Adams grew increasingly conscious of how different an American is now from the man or woman of any other advanced nation. He is equally interested in the whole of American history, how it began, and what it represented in the first half of the twentieth century. Adams traces the historical origins of the American concept of "bigger and better," attitudes toward business, the American Dream, and other characteristics generally considered "typically American."
Ever since America became an independent nation, each generation has seen an uprising of its citizens to save the American Dream from forces seeking to overwhelm and dispel it. Possibly the greatest of these struggles is still aheadânot a struggle of revolutionists against established order, but of the ordinary person who seeks to hold fast to the rights of "life, liberty, and the pursuit of happiness." This classic book is valuable for a new age and as important for this new century as it was when originally written.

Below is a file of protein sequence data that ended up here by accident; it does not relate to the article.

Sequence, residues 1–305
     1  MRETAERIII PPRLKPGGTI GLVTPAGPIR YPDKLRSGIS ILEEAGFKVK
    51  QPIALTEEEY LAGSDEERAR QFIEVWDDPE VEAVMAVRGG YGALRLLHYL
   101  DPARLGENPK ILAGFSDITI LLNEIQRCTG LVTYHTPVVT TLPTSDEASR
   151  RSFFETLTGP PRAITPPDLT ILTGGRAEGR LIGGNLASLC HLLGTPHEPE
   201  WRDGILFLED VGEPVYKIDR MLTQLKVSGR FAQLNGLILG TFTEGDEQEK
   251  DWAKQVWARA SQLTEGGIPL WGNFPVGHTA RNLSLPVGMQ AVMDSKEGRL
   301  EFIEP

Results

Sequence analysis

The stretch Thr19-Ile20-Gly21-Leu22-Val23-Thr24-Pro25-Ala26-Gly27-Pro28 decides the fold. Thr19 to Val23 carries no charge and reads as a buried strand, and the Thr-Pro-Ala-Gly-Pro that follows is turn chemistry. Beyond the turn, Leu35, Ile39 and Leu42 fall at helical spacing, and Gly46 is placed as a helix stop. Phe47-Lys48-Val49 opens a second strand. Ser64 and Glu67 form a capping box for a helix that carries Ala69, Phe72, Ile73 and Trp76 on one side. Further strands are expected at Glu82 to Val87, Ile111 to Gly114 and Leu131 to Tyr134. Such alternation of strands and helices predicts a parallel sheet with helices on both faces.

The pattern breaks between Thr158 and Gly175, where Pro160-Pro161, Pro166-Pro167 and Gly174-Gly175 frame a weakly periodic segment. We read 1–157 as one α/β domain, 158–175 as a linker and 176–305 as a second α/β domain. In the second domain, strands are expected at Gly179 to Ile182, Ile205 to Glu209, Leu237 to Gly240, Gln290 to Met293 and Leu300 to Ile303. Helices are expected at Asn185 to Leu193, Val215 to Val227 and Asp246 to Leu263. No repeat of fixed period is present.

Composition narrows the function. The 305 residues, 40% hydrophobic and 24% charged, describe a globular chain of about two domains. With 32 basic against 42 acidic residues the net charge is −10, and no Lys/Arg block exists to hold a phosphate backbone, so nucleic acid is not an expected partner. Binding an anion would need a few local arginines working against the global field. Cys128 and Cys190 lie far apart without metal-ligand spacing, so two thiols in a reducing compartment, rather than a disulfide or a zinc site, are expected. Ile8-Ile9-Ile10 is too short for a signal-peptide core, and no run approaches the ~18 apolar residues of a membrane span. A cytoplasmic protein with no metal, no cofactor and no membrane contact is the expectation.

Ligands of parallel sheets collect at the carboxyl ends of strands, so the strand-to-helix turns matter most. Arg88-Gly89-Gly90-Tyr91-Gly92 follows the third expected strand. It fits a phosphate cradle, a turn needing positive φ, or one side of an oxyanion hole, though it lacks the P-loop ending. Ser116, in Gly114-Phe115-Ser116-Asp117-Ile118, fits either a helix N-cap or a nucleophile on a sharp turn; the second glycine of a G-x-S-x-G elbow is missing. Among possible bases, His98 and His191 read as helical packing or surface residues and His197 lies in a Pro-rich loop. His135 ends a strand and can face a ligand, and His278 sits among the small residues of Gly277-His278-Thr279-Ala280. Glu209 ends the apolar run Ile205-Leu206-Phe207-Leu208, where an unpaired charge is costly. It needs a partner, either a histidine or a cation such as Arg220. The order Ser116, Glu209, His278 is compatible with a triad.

The correspondence is divided into a wide network of letters covering two world wars, and highlighting Adams' efforts to speak as a public historian of the age. The range covered extends from World War I, where he participated in the Paris Conference, to the New England histories, the year of the Economic Crash, the making of his great book, The Epic of America, and the final summing up, making history accessible to the larger publics.
Both the biographical sketch and the correspondence reflect Adams as possessing a nimble, precise mind and a stubborn set of opinions that are sometimes liberal, while at other times conservative. Despite a lifetime of public service, Nevins and the letters remind us, Adams was and remained essentially a scholar. The same can be said of Nevins himselfâand that made him the perfect spokesman and student of Adams' writings. For those to whom the meshing of solid American history and public service are of interest this will be an unusual, but entirely worthwhile experience.